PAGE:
Better Preparation, Better Presentation

May 26, 2017


Recently, I attended a Writing and Presenting Market Research Reports seminar. While the seminar itself was focused on creating market research presentations that combine insights, storytelling, and data visualization, there were three takeaways that will benefit anyone who creates or gives presentations.


Imagine you’re writing a letter to your mom about your first semester of college. I’m sure it would include things like how you showed up for ALL classes on time, ate three square meals each day, and volunteered the first Saturday each month reading books to puppies at the local animal shelter. Now imagine writing a letter to your best friend about your first semester in college. It’s likely that the letter to your mom and best friend would look a little different.

Before starting a presentation, it’s important to KNOW the audience with whom you are communicating. Identifying your audience at the beginning of a project will help you make good decisions about what type of content to include, how to organize your thoughts, and how to support your recommendations. The story message and format is likely to change based on the audience. For example, a researcher or data scientist will want to know the details of your study (background, purpose, business objectives), the methodology used, and detailed findings that lead up to your final recommendation. A C-level executive may only care about the final recommendations and a high-level summary of the results, leaving the bulk of the detail (your months of work that led you to that awesome insight), tucked neatly in the appendix.

Secondly, KNOW what your audience is currently thinking and doing. How can you influence them to change their minds or actions if you don’t know what they’re currently thinking or doing? Before starting a project, I like to meet with the client to ask if they can share all analysis completed for that particular project topic. What insights have they already uncovered? What did they try and fail? We don’t want to spend time reinventing the wheel.


Usually when it’s time to start preparing a final presentation, I jump right into creating placeholder PowerPoint slides. A complementary alternative that I’ve found to be extremely helpful is storyboarding. Storyboarding uses a series of panels to layout the potential flow for the presentation. It’s a great way to visualize the story you plan on creating.

I recommend using the super amazing technology of pen and sticky notes. This method helps you see your presentation as a whole—beginning, middle, and end—in a physical space. You can easily re-organize the content, add new ideas, and toss out bad ones.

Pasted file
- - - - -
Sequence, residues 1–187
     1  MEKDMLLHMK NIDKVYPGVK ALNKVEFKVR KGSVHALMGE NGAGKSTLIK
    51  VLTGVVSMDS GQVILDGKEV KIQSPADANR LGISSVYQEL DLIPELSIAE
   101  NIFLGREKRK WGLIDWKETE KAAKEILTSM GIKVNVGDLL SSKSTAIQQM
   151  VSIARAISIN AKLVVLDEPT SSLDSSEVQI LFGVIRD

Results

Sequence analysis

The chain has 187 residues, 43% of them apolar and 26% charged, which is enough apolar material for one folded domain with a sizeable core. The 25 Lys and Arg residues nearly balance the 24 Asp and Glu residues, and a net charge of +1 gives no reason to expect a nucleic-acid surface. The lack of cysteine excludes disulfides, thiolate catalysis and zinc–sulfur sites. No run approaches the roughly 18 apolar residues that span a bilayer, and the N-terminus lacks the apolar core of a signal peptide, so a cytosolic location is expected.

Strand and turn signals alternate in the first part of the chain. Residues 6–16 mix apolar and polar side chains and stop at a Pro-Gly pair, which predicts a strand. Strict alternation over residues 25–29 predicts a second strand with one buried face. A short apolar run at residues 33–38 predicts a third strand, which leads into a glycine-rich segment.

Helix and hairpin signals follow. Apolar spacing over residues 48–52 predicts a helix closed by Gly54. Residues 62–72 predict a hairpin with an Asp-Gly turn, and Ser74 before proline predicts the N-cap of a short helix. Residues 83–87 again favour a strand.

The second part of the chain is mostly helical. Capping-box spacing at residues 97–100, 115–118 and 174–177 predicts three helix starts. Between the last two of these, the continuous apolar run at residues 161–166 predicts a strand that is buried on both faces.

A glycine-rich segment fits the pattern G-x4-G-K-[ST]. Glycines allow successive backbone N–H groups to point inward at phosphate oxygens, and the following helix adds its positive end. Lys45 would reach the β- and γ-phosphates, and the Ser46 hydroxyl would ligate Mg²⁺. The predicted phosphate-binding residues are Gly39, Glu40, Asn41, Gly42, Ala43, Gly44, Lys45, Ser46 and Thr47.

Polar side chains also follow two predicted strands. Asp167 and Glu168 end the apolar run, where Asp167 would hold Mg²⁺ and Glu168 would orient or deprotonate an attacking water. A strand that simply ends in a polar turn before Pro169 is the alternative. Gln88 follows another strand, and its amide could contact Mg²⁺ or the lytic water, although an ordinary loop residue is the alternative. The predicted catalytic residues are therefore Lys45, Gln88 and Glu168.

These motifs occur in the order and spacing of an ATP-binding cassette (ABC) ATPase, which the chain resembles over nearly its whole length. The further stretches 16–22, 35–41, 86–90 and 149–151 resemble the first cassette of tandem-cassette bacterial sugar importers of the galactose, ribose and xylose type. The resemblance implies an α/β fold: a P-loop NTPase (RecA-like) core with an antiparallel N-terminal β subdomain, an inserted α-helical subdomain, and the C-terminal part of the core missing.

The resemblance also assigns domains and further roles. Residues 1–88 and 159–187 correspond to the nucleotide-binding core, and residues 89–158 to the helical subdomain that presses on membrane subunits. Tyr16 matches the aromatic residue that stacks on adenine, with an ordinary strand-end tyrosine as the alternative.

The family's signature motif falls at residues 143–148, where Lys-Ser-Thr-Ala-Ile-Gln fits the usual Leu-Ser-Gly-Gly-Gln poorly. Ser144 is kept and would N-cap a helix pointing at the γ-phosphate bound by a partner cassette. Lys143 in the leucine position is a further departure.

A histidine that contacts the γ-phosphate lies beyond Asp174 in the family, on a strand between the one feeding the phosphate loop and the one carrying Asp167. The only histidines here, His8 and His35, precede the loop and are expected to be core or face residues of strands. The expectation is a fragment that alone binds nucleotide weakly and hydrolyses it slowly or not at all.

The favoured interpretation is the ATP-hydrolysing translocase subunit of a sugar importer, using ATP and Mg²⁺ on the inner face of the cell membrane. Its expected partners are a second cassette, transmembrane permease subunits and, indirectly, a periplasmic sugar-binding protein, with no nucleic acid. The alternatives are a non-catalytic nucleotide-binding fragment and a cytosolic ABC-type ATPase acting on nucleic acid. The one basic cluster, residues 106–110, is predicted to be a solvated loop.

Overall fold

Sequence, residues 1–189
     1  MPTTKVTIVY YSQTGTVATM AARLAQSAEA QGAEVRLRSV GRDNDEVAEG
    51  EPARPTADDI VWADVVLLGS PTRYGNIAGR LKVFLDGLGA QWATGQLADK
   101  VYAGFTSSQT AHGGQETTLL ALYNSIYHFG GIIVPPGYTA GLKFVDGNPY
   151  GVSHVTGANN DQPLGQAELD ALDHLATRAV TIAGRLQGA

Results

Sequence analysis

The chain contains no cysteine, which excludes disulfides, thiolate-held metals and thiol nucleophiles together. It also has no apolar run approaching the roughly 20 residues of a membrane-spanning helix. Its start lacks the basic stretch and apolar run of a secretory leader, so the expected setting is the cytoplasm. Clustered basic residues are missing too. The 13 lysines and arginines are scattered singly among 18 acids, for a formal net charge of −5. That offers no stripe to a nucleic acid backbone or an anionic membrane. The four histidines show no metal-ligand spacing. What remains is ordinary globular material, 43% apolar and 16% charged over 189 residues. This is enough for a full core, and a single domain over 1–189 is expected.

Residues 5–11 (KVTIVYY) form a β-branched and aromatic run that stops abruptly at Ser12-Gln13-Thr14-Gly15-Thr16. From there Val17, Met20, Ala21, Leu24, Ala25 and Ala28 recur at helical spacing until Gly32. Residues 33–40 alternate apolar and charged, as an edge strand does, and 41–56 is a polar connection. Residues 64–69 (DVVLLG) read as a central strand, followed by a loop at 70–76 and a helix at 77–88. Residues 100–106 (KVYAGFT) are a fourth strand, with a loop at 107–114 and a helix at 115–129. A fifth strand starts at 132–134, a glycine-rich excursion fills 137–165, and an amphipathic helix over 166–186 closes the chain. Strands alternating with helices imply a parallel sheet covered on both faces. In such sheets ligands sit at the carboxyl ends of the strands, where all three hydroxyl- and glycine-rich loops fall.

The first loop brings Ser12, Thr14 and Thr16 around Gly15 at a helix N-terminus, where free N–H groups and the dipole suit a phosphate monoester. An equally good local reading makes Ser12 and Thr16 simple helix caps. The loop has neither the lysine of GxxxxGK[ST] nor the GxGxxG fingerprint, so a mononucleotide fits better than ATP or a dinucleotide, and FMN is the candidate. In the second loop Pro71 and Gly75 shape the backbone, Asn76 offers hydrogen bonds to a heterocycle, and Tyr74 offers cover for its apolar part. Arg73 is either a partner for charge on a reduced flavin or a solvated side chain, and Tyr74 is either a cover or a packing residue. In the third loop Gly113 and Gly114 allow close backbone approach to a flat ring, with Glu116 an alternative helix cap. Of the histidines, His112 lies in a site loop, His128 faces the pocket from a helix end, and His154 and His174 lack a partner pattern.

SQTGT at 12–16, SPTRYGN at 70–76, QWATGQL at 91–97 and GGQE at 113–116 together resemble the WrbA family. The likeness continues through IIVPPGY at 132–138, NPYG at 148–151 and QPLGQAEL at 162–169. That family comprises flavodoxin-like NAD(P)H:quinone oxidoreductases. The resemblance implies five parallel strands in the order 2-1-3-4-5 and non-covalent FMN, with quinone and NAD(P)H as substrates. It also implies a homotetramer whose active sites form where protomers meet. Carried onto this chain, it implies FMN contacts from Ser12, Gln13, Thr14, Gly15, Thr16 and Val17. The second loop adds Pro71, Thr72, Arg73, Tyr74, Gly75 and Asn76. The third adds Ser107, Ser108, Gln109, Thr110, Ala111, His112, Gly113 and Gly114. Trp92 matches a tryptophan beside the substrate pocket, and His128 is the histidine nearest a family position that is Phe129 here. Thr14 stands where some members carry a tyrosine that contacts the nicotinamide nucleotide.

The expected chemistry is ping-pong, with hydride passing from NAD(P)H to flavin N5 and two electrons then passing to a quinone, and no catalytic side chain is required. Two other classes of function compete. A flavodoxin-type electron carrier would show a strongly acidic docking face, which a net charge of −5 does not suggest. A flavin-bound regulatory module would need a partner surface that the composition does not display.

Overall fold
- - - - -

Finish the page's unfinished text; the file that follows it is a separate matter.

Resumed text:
Sharing your hand-drawn slides helps you to align with your team and with your client to make sure what’s planned is in line with the business need. Storyboards can help identify potential gaps in your research study or analysis. It’s also a great tool for brainstorming.

Storyboarding is not just a technique for designing presentations. It’s also helpful for writing a blog post!


Getting to know your audience and storyboarding is something you can work through on your own, but you will be more successful if you involve a wider audience (data scientist, project managers, and marketers). There is an “I” in team, after all. At Elicit we use a “war room” approach, where we gather all those involved in a project in one room to flesh out the details. Snacks included.

Some questions we discuss together are:

  • What is the background or history that led to identified need for the project?
  • What decisions will be made?
  • Who is our audience and what are they trying to find out? Why?
  • What do we already know?
  • What data do we have available to answer the business question?
  • What other information can we get that may be relevant (other studies, secondary data, social media)?

If the project is at the request of someone else, you may not have the entire business context. When everyone is together, it’s easier to make sure we all understand the situation and align on the main business issue. From here we can develop a solid plan of attack.

Wouldn’t it be horrible to launch a survey to find out at the end you didn’t ask the right questions? Can you imagine spending hours creating an awesome presentation for your client, only to discover you two were on totally different pages and you have to start all over? Pausing to make sure you know whom you are communicating with and what you want to communicate may seem like it will make the process longer. This method saves you time by reducing iterations and more importantly helps you craft the right message to the right people.

Now that you’re equipped with these three tips on how to improve your preso prep, you’re one step closer to creating a killer, cohesive presentation. Good luck on your journey!